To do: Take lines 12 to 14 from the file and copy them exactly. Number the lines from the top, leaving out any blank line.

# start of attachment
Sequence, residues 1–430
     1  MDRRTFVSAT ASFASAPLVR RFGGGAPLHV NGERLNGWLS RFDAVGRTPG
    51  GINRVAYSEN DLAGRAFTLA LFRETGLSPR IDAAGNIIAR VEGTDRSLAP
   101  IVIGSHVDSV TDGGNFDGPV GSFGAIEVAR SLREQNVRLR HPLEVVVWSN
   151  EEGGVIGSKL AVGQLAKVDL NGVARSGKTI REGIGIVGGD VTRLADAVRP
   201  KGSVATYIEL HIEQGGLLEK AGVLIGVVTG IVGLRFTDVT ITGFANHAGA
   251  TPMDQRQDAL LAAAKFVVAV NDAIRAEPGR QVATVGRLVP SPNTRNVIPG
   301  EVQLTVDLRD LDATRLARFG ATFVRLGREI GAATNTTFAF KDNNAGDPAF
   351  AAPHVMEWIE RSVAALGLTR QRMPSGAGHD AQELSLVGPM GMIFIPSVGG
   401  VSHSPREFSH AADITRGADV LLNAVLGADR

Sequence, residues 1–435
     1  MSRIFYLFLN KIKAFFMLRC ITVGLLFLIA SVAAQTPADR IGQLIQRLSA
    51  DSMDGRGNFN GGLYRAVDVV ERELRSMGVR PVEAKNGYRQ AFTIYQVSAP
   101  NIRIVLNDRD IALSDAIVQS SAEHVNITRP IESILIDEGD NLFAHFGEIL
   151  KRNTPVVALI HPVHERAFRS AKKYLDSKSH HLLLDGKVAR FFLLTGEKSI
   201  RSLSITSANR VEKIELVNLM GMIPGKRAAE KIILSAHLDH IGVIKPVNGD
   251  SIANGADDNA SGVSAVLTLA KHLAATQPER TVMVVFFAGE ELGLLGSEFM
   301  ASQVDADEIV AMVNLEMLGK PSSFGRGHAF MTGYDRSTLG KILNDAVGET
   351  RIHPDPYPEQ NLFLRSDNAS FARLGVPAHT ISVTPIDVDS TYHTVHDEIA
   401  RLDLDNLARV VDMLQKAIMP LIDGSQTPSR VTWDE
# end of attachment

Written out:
     1  MSRIFYLFLN KIKAFFMLRC ITVGLLFLIA SVAAQTPADR IGQLIQRLSA
    51  DSMDGRGNFN GGLYRAVDVV ERELRSMGVR PVEAKNGYRQ AFTIYQVSAP
   101  NIRIVLNDRD IALSDAIVQS SAEHVNITRP IESILIDEGD NLFAHFGEIL